Lawyers ask me all of the time whether they should get involved in social media platforms, and whether those platforms really do anything to help them build their practices or attract potential clients and referral sources.

When answering this question (or similar questions about any particular marketing endeavor), I encourage lawyers to first determine two things: first, what is their purpose or intended outcome (for example, do they want to get in front of a wider audience, have a platform for distributing content, build relationships with existing clients, or attract potential new clients, etc.?) and second, depending on that purpose, is the audience they are seeking involved in that particular activity?

If you’re seeking to target a specifically male or specifically female audience, for example, his infographic from InternetServiceProviders.org,  may help you to determine if your audience is participating on social media:


Social Gender Infographic

As I discussed in a recent post on Slaw.ca, if you have a business to business practice and in-house counsel play a role in selecting or retaining outside counsel, LinkedIn might be a good platform for you to consider. As I discussed in that post, the 2013 In-house Counsel New Media Engagement Survey revealed that more and more in-house counsel are influenced by blogs and social media, with LinkedIn’s “professional network” being the one they use most for their professional contacts.

Don’t forget that even if your audience is participating on a particular platform, you’ll need to ensure that your content fits with the culture of that particular site. It’s great to have an opportunity to communicate with your intended audience, but you’ve also got to make sure that your message will resonate, and not turn them off. For example, if your audience is on LinkedIn, don’t ignore the culture, which is one of professionalism and business-oriented discussion, rather than the more personal sharing that may occur on other platforms (such as Facebook, for example).

Google Plus for Lawyers

Google PlusI’ve been getting a lot of questions from lawyers lately about Google Plus – do they really need yet another social network to concern themselves with? The answer may depend on why you’re considering Google Plus for yourself or your law firm. Many lawyers evaluate social media platforms based on whether their clients use them. But if that describes you, at least in the case of Google Plus, you may want to adjust your thinking.

Google Plus is Google. You know – the search engine – the one everyone is always trying to ‘game,’ to pay “SEO experts” to ‘get to the top’ of, the one you may be paying for adwords or pay per click campaigns to boost your visibility or drive traffic to your website. If you’re serious about online visibility, you need to pay attention to Google Plus and Google’s related services. Google “favors” content from Google+ in its search results, and if you use Gmail and Google Contacts, they integrate with Google+, making for an easier user experience.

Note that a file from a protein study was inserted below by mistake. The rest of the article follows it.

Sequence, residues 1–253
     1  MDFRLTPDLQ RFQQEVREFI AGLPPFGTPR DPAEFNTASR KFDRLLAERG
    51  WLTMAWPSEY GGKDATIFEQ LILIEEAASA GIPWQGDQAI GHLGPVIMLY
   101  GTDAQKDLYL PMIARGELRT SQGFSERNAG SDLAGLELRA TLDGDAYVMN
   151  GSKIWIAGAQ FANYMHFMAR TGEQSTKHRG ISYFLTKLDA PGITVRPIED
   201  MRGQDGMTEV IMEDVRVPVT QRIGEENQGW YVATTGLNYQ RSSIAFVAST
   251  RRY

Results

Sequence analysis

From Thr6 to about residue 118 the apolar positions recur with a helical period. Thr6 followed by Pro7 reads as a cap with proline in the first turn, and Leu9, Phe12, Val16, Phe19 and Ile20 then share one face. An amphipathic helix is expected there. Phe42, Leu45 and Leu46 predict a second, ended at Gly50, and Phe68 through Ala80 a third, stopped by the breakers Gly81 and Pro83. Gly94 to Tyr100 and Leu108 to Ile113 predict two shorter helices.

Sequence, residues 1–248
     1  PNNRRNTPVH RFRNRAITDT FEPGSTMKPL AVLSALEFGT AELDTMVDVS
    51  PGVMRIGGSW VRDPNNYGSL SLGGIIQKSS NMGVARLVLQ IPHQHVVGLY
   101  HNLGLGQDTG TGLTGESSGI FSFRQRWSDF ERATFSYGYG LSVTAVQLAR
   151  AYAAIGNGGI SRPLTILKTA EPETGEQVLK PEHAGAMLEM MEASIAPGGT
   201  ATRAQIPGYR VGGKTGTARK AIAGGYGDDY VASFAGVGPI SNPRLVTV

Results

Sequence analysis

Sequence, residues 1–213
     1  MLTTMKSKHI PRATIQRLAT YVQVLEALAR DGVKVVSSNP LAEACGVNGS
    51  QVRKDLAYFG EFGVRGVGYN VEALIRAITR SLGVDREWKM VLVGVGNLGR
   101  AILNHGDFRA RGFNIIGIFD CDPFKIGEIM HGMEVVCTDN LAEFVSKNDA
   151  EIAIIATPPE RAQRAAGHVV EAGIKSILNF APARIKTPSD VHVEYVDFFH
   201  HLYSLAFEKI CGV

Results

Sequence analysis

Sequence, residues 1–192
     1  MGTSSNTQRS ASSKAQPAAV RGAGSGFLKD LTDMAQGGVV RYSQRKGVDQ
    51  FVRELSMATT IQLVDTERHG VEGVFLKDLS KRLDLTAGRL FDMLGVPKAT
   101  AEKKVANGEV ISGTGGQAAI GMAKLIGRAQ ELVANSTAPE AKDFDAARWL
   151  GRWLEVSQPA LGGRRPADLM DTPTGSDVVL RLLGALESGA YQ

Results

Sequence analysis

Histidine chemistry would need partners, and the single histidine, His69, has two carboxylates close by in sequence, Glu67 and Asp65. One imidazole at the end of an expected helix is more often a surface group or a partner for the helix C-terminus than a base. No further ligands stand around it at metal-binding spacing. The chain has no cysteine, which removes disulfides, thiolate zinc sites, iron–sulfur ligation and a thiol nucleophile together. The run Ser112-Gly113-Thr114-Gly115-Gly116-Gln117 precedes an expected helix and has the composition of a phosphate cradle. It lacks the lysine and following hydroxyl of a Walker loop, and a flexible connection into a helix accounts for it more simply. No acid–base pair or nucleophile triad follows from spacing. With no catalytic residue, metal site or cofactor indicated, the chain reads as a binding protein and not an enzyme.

Finally, it’s FREE. Why ignore the free option and throw money at the paid services? And what are the chances that you will be found in organic Google search results in the future if you don’t have a presence on Google? Why take that chance?

Google+

Google+ is similar to other social networks; you create a personal (or business) profile, follow others ( by placing them in “circles”), and post content including links, photos, videos and other media. It has over 500 million registered users, of whom about 235 million are active monthly.

As with anything else, you will want to make sure your profile is credible, authoritative and contains good content and information about you.

Google+ Circles

Circles work like Friend Lists on Facebook, except that on Google+, you must add people to at least one circle (on Facebook, you can ‘friend’ someone without adding them to a specific friend list). Just as you do when choosing an audience for posts on Facebook, you can choose which Circles to share specific information with on Google Plus.

Unlike Facebook, you can add someone to a Circle without them having to add you back – it is a one-way, rather than a two way relationship. For personal profiles, if someone adds you to a Circle and you don’t add them to one of your Circles, they will only see your public posts on Google+. By contrast, business pages (discussed below) require that a user add your Page to their circles before your business page can add them to your circles.

Google+ Business Pages

Google+ also offers businesses the opportunity to set up profiles, called Google Plus Business Pages. Firms and organizations should consider consider setting up profiles on the site because there are many advantages to having a presence on the network, and Google is investing more time in business pages, as can be seen by the recent release of the Google dashboard discussed below. In addition, as mentioned above, Google wants more people to begin using Google+, and it has begun ranking posts to the network very high in its search engine. If you are at all concerned about optimizing either your personal or professional appearances in search engine results, this may be the main reason to set up a Google Plus account.